banner Greek Script on the Berkeley Campus


Greek vases of the archaic and classical period sometimes carry writing. The writing may be painted on the vase before firing (dipinti) or scratched on later (graffiti). In mythological scenes, the names of gods and heroes may be supplied. Sometimes words are written as if coming out of the mouth of a figure, suggesting what the figure is saying or singing. Another common type of inscribed message is ΚΑΛΟΣ or ΠΑΙΣ ΚΑΛΟΣ, "beautiful boy" (somewhat less common is ΚΑΛΗ, "beautiful girl"). The potter or the painter may also identify himself with "X made [this pot]" or "X painted [this pot]."

The Phoebe Apperson Hearst Museum of Anthropology has an extensive collection of Greek pottery, most of which is not on display. A few of these vases are reported to have writing on them (and these are the oldest samples of Greek writing on campus), but the writing is usually too faint to show up in the photographs published in Corpus Vasorum Antiquorum, USA fasc. 5, Univ. of California fasc. 1, by H. R. W. Smith in 1936. The most visible inscription is on a 6th-century Attic black-figure lip cup or kylix (inv. 8/358).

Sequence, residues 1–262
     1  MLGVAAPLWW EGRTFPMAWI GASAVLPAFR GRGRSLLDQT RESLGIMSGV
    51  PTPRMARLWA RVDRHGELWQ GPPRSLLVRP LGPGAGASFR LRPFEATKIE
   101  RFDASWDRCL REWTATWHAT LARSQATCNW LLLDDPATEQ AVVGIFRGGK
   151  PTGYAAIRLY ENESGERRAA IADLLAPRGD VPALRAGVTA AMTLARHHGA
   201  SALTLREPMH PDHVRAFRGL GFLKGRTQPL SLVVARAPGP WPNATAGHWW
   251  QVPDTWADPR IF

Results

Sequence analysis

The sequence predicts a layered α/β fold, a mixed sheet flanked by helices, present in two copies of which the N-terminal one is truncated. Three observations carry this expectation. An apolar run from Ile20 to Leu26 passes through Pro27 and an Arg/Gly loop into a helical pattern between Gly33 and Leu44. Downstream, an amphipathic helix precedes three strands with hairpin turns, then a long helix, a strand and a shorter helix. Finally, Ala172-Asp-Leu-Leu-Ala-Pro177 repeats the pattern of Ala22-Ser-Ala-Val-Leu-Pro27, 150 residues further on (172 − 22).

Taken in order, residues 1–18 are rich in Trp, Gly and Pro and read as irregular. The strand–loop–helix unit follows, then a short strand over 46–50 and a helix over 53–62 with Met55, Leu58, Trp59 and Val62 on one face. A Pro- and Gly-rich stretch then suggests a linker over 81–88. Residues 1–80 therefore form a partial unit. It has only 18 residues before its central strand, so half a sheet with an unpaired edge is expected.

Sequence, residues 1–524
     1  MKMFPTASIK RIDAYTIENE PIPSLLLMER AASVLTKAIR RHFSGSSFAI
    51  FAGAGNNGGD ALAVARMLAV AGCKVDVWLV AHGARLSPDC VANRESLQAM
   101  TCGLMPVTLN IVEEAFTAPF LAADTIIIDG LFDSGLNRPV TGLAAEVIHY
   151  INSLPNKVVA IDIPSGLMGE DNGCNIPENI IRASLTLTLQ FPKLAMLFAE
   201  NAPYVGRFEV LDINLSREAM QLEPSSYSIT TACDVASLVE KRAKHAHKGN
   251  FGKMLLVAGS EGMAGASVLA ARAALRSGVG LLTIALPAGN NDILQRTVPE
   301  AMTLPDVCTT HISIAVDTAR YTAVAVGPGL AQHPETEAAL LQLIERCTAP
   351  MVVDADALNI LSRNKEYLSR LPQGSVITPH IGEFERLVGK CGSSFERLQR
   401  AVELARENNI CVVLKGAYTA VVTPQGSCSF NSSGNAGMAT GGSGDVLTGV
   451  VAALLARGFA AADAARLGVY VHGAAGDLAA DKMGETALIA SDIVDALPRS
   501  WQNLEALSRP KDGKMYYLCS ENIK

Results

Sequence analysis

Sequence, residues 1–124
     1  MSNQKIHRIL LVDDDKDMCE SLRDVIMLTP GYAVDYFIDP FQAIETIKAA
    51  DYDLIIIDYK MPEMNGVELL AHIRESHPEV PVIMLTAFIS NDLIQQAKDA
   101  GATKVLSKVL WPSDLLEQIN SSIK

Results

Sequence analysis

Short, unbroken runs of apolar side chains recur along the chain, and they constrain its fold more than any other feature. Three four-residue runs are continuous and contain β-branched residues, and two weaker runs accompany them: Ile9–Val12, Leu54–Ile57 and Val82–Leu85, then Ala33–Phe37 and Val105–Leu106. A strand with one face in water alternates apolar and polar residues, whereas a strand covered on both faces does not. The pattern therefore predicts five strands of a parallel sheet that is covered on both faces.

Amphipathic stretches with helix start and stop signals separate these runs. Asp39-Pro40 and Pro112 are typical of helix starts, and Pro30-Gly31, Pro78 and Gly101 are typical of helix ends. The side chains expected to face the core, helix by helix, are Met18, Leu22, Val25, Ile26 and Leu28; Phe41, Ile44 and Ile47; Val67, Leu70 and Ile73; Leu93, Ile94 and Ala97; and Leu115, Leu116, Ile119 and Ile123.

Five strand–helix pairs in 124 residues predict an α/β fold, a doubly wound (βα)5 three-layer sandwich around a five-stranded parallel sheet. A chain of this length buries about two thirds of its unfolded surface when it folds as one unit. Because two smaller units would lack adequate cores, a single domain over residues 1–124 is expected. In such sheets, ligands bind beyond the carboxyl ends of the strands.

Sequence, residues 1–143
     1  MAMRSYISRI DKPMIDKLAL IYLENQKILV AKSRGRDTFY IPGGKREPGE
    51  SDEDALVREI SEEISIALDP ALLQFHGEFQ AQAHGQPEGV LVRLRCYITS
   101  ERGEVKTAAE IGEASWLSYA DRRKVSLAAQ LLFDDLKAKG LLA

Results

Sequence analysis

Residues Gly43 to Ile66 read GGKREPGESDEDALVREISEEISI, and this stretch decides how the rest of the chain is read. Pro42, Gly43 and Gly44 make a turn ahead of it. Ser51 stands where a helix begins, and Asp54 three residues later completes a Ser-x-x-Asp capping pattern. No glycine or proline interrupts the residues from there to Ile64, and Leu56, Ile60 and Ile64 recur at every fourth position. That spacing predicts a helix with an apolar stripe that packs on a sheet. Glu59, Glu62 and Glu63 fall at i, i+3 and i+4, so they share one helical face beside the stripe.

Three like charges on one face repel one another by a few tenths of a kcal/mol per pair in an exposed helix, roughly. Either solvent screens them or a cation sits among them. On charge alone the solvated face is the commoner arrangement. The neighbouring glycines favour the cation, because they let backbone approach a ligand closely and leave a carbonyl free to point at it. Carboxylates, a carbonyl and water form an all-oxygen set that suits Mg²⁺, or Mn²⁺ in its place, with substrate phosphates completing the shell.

black-figure lip cup at the Hearst Museum

On both sides is a painting of Theseus stabbing the Minotaur. In the bands below the painted scenes, there are nonsense inscriptions.

side A inscription

On Side A above, the letters are ΕΠΟΙΥΕΠΟΙΥΕΠΟΙΥΝΣΥΝΕΣΥ, and the sequence is probably meant to remind a reader of a proper inscription of the form "so-and so" ΕΠΟΙΕΣΕΝ ("made"). Notice that the sigma has the so-called three-barred shape (the origin of Roman S) rather than the four-barred shape familiar in later inscriptions and in modern typefaces. Also, the upsilon is shaped more like V (the origin of the Roman U/V) than like Y in this early alphabet.

side B inscription

On Side B above, the letters are ΣΥΕΠΟΙΥΕΠΟΙΥΕΠΟΙΥΝΣΥ.